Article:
Untangling true crime: Inside the ethics of Hollywood's greatest guilty pleasure
There are even heavy-handed winks to the camera to spotlight what one can only describe as "easter eggs" for "fans" of this classic true-crime did-he-dunnit case. More than once, teasing introductions to key pieces of heavily-debated evidence and hints at the speculative theories about this actual human being's death are deployed for great dramatic effect. Aside from the grossness of it all, it raises the question of who this series is even for. There isn't a lot of new stuff to be gleaned from Hollywood giving the 20-year-old documentary a fictionalized glow-up, but at the same time the show is written in a way that assumes you know everything about the case already.While reviewers only received five out of the eight total episodes, it's clear that the infamous "owl theory" will soon come into play too, as evidenced by the abundance of bird imagery and some not-so-subtle lines sprinkled throughout. For those out-of-the-loop, the "owl theory" is one of those preposterous alternate hypotheses normalized today by so-called online sleuths who post theories about true crime cases to Reddit and TikTok. Like those amateur internet sleuths, the filmmakers don't seem very interested in interrogating the immorality of treating real-world victims like they're part of a murder mystery game.
There's no arguing that this cast absolutely nails their performances.
Credit: HBO Max
While the show purports to ask critical questions about this twisted human impulse that fuels the true crime phenomenon, it delights far too much in sensationalizing Kathleen's mysterious death to say anything of value. More often than not, it comes across as the most disturbing live-action dramatization of Clue: The Real True Crime Story Edition. Where was Kathleen murdered? Why, on the staircase, of course! But was it with the fireplace poker or sleeping pills mixed with a few glasses of wine? Who killed Kathleen on the staircase, with either the fireplace poker or an accidental fall? Why, it can only be Mr. Peterson himself or that pesky Mr. Owl!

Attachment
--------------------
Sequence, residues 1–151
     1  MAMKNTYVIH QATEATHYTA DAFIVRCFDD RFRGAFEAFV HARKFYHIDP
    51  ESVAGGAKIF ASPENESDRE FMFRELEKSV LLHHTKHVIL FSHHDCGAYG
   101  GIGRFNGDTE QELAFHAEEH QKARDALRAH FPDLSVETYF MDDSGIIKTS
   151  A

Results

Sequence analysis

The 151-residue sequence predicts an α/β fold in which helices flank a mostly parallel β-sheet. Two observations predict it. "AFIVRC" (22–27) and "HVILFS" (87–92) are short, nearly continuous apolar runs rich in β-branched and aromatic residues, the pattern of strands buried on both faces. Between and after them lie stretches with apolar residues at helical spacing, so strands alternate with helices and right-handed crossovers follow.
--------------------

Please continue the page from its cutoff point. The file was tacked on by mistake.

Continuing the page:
It comes across as the most disturbing live-action dramatization of 'Clue: The Real True Crime Story Edition'
2022's The Staircase clearly wants to take a page out of Ryan Murphy's The People vs. OJ Simpson, though, by calling attention to how American society elides the humanity of victims to put on a good performance of justice in the courtroom. At best, though, it's only a poor, self-serious imitation of what made that show worthwhile. There's far less style, cultural relevance, thoughtfulness, and sensitivity toward the loved ones who still survive those IRL victims and must relive the trauma every time we decide to drag their corpses back onto that public stage for "fun."Listen, I don't say any of this from atop a moral high horse. I also can't pretend that The Staircase didn't eventually hook me a couple of times. Like so many others, I'm a bonafide true crime bottom-feeder. If The Staircase in all its iterations embodies exploitative true crime trashiness, then I am its garbage disposal guzzling the regurgitated human blood from the same cases of violent human tragedy over and over again.If you're looking for answers about this case or even the larger ethical conundrums of the true-crime genre, you won't find it in HBO Max's The Staircase. But when it comes to true crime fodder, it's a retelling sure to feed other murder-loving goblins like myself.